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Jane Austen News – Issue 140

The Jane Austen News has a wedding reading list this week

What’s the Jane Austen News this week? 


Forget Books Before You Die, Try Books Before You Wed

There are plenty of lists which lay out which books you need to read before you die, but one the Jane Austen News hasn’t come across before is a list of books to read before your wedding day. However, that’s exactly what we’ve come across this week, and we were very pleased to see that Pride and Prejudice made the list of five must-read books.

The majority of the list was non-fiction books, covering a range of subjects, but Pride and Prejudice was included on the list as it “will help you understand the difference between what’s material and essential in every relationship.”

The full list was:

Mindful Relationship Habits by S. J. Scott and Barrie Davenport – this book describes how to stay connected to your spouse even after being together for a long time.

The Kamasutra by Vatsyayana – tips on how to keep your sexual life varied

Every Woman by Derek Llewellyn-Jones – this book talks about female health issues like puberty, pregnancy, and menopause.

It’s Not You, It’s The Dishes by Paula Szuchman and Jenny Anderson – a book highlighting the importance of communication and role-playing.

Pride And Prejudice by Jane Austen – a must for so many reasons!

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Jane Austen News – Issue 53

The Jane Austen News is Dan and Lisa's Wedding

What’s the Jane Austen News this week?   

Pride and Prejudice Comes to Bath 

photo09This week in Bath we had the cast of Regent’s Park Theatre’s touring production of Pride and Prejudice on stage at the Theatre Royal, and we were lucky enough to be able to ask Ben Dilloway who plays Mr Darcy a few questions about performing in the city.

 

JAC: What has been the highlight of embarking on this tour during the 200th Anniversary year so far?

Ben: Bath has to be a highlight. The words of the play flow so easily in such a place and it feels great to have the Jane Austen Centre just around the corner, especially on such an important anniversary year.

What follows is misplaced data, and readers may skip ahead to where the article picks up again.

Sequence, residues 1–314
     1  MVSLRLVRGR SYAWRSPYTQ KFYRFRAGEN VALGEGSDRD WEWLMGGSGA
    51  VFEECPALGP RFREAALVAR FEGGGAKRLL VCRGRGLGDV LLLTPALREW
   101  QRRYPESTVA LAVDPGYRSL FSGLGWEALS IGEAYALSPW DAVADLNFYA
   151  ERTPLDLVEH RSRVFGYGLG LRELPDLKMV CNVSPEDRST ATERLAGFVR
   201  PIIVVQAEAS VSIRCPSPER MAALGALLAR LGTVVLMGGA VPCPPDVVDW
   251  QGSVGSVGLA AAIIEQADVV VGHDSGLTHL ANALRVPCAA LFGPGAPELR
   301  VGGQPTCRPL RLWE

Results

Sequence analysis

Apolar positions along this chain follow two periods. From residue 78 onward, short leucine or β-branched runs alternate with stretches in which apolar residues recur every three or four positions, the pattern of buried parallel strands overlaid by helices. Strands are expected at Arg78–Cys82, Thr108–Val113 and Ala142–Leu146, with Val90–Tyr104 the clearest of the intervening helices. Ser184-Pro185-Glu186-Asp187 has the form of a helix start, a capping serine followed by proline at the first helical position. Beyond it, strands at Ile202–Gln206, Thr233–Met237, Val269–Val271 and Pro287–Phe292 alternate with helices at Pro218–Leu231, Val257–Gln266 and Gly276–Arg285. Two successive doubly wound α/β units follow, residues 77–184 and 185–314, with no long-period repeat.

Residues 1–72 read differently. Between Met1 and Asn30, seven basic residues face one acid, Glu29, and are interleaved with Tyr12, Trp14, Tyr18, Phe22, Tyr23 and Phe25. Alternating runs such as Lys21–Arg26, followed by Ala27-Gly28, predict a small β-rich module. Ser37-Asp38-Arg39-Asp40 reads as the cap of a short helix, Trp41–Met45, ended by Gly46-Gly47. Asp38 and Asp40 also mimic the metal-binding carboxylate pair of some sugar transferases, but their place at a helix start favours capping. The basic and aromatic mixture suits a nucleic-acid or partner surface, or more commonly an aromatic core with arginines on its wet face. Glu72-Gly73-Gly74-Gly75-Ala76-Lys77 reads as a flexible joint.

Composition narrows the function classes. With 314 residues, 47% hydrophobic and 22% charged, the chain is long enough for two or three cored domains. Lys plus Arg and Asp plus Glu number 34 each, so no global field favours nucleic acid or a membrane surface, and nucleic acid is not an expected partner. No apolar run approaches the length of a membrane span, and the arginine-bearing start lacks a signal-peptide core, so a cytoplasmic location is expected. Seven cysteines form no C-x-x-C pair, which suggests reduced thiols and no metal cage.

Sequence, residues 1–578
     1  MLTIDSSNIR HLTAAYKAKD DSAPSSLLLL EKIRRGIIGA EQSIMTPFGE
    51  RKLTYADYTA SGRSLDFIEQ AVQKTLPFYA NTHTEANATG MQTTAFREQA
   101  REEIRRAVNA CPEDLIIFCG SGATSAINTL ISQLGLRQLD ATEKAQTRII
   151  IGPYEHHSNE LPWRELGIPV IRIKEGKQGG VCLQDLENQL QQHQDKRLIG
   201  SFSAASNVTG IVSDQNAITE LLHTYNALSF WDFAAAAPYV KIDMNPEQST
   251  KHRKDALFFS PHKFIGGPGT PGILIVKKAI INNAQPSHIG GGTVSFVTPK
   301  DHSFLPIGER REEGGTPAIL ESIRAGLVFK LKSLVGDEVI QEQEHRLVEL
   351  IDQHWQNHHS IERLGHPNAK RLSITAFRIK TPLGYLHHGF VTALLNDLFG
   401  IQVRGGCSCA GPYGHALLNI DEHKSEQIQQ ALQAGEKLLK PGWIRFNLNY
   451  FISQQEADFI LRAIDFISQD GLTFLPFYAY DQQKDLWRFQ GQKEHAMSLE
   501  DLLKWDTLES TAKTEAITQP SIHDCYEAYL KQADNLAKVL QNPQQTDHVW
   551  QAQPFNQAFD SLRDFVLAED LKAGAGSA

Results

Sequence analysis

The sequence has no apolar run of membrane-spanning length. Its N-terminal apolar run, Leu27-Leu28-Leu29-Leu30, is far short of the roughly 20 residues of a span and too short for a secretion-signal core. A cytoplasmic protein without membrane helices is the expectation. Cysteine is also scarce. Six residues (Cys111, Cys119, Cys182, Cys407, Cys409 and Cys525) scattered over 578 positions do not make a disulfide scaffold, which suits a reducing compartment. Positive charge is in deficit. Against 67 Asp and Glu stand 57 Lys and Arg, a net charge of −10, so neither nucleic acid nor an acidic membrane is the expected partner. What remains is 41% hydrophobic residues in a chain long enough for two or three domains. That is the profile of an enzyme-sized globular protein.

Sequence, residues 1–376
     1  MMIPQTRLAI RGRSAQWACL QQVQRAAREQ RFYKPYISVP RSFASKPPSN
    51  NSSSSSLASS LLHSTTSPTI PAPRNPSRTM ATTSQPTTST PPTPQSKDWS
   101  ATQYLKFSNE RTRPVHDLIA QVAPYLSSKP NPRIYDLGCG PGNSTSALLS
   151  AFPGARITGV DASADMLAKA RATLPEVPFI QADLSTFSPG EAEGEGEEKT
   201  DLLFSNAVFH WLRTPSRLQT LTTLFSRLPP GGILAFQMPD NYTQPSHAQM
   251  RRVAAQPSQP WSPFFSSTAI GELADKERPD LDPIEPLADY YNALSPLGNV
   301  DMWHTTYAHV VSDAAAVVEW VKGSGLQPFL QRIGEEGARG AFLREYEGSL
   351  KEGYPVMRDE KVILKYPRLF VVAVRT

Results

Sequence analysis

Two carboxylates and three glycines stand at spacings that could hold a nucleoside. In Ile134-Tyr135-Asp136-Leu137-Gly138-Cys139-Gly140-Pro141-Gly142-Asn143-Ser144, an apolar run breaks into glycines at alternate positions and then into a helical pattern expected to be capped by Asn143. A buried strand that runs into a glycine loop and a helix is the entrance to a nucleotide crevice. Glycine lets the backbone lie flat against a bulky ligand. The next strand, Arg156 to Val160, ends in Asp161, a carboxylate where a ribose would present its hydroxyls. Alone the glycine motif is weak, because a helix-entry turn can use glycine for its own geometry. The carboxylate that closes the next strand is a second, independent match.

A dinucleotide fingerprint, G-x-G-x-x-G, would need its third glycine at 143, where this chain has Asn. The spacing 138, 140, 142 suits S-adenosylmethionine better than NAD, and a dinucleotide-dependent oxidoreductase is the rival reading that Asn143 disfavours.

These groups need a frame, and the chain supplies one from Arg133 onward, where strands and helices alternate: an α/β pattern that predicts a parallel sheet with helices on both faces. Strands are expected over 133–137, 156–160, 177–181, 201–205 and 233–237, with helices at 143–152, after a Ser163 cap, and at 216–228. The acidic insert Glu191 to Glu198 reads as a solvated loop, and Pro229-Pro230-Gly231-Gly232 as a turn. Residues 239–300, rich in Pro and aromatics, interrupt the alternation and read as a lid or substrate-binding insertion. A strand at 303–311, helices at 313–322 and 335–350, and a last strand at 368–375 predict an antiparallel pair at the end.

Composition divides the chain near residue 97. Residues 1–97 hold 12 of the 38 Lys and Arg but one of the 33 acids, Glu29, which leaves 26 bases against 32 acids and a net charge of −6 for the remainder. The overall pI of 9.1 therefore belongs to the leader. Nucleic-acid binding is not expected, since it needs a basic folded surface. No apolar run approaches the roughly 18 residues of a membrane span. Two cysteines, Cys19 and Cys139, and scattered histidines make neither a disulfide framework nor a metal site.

JAC: Have you had to fight off many Mr Darcy fans?

Ben: Not as yet! Luckily the Austen crowds are utterly distinguished and keep all extremities of emotion firmly under their bonnets.

JAC:  How does it feel to be performing in Bath, considering its connection to Jane Austen? Has the cast felt a greater sense of connection with her while staying here?

Ben: I would say so, with such a city, steeped in history, its almost second nature to speak these words and adhere to the otherwise seemingly dated social norms.

JAC: How does adapting Pride and Prejudice for the stage add to the story and its themes?

Ben: It’s a real challenge to fit such a huge amount of information from the book into a mere two hours and thirty minutes. It’s certainly added to the energy of everyone’s desires.

JAC: Why do you feel Jane’s work is still important and relevant today?

Ben: If anything it is more modern than old. It talks of timeless things such as love, and debunks the trivial social expectations of the time. 

JAC: Well said. Thanks Ben!

 


New Jane Austen Statue Planned 

_93667520_mediaitem93667519A maquette (a wax or clay model from which a work is elaborated) for a new statue of Jane Austen has been unveiled. The maquette is about two thirds the size of the £100,000 life-sized bronze sculpture which is to be placed in Basingstoke town centre in July to mark the bicentenary of the author’s death.

the team We’re looking forward to seeing the final work and having a look at what similarities the statue has with our own Jane Austen – a waxwork completed by an FBI-trained forensic artist and her award-winning, internationally renowned team in 2014.

The maquette has been made by sculptor Adam Roud who said that he wanted his vision of Jane to have “poise and dynamism”.

She is walking in the square and someone has just said ‘good morning Jane’. She was a real person with her own character and hopefully I can get across she was a headstrong woman of her time, but is relevant to us today because of her novels.


Continue reading Jane Austen News – Issue 53

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The Regency Wedding Breakfast

During the Regency, weddings were often held first thing in the morning with the bridal couple and their guests returning home to celebrate with a wedding breakfast, a precursor to the modern wedding reception, before departing to their new home, or perhaps on their honeymoon.

A noisy family breakfast...
A noisy family breakfast…

Jane Austen’s niece Caroline (daughter of James) gave a wonderful description of her sister Anna’s wedding to family friend Benjamin Lefroy on November 8, 1814: